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Acacia polyadenia facts for kids

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Acacia polyadenia
Scientific classification

Acacia polyadenia is a shrub or small tree belonging to the genus Acacia and the subgenus Juliflorae that is native to north eastern Australia.


The prostrate shrub or small tree has glabrous slender branchlets slender that are a red-brown colour and resinous when immature. Like most species of Acacia it has phyllodes rather than true leaves. The evergreen phyllodes have a linear-elliptic shape and can be shallowly recurved. The phyllodes have a length of 4 to 8.5 cm (1.6 to 3.3 in) and a width of 3 to 5 cm (1.2 to 2.0 in) and are resinous with young and are acute with a callus tip with 7 to 14 veins per face with a prominent midrib. When it blooms it produces simple inflorescences that occur singly or in pairs in the axils. The cylindrical flower-spikes are 10 to 20 mm (0.39 to 0.79 in) with yellow flowers that occur in bands. The woody seed pods that form after flowering have a narrowly oblong to oblanceolate shape and are narrowed toward the base. The resinous pods are around 4.5 cm (1.8 in) ling and have barely discernible longitudinal veins resinous with thick margins.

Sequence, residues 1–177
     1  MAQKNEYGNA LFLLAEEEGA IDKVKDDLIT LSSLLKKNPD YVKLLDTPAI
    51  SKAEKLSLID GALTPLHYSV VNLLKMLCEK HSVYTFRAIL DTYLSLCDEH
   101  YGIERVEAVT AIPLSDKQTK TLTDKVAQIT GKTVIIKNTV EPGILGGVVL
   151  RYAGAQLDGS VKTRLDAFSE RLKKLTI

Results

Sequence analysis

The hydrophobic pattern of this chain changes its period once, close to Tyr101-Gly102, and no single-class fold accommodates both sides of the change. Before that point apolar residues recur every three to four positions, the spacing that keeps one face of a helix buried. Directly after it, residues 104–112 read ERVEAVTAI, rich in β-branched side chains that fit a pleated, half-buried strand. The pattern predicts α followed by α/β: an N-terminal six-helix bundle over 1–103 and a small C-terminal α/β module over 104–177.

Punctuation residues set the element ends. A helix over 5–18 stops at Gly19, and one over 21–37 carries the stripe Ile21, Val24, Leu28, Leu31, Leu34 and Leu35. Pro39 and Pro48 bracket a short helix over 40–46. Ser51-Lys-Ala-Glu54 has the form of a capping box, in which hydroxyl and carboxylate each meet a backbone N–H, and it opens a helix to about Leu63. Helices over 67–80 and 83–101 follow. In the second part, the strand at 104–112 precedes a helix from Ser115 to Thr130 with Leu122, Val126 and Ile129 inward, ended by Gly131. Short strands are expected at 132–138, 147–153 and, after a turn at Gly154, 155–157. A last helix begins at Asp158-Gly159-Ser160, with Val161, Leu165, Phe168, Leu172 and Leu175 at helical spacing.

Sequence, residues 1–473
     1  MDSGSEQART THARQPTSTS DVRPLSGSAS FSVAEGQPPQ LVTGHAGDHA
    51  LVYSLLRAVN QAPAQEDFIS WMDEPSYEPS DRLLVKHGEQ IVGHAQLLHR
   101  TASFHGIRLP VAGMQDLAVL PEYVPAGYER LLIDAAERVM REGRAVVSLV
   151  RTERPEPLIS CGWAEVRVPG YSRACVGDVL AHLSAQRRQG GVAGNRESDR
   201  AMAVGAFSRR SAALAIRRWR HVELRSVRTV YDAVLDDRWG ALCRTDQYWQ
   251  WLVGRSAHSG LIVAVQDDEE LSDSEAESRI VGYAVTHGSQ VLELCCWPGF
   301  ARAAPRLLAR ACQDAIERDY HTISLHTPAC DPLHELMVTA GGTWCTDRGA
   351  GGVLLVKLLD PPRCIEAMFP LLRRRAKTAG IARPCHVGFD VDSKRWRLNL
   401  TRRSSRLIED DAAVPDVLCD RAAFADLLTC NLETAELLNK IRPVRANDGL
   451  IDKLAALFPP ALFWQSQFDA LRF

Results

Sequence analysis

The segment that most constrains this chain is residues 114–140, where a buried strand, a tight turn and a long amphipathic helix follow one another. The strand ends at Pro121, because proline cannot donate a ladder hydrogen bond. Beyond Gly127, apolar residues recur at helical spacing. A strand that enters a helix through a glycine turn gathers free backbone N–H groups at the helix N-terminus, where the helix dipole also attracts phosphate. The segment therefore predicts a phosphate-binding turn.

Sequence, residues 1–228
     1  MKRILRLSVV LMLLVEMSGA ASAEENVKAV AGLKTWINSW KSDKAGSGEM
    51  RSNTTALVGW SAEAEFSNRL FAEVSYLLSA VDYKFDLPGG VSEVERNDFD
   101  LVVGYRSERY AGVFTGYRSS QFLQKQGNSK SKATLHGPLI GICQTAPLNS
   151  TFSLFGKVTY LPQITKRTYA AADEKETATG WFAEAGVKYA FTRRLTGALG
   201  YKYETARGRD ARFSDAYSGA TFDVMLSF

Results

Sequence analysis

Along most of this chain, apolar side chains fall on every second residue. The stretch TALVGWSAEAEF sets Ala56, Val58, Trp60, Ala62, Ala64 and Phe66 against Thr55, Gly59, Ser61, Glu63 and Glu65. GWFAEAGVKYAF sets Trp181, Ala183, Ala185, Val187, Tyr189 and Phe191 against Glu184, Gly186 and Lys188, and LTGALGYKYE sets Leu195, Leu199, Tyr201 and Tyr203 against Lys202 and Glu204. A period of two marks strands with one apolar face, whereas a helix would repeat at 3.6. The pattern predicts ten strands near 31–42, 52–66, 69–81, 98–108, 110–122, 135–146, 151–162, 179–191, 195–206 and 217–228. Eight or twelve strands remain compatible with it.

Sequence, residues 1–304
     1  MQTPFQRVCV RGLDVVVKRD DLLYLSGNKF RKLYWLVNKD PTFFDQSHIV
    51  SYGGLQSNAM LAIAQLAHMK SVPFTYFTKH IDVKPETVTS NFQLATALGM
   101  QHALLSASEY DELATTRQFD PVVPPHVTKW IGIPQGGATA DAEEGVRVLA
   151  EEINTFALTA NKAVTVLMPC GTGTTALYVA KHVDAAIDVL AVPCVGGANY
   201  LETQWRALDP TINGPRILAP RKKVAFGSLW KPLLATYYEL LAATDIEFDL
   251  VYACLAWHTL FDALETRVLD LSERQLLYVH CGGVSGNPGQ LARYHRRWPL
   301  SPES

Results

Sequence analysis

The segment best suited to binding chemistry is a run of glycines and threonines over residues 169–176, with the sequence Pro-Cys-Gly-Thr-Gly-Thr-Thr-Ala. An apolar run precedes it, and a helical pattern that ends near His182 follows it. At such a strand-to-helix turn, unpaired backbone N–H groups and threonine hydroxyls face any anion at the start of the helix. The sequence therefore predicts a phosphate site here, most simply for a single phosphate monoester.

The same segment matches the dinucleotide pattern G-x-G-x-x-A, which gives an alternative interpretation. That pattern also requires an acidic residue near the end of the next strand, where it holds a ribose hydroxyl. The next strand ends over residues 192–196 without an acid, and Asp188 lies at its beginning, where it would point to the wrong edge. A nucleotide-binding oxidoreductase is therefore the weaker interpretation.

The species was first formally described in 1987 as Racosperma polyadenium by the botanist Leslie Pedley as part of the work Notes on Racosperma Martius (Leguminosae: Mimosoideae) as published in the journal Austrobaileya. It was transferred to genus Acacia in 1990. The species is commonly confused with Acacia drepanocarpa.


It is endemic to the a few islands off Central Queensland including Shaw Island in the Lindeman Group, Palm Island and Whitsunday Island where it is found on hillsides in heathland communities close to the beach growing in sandy soils.

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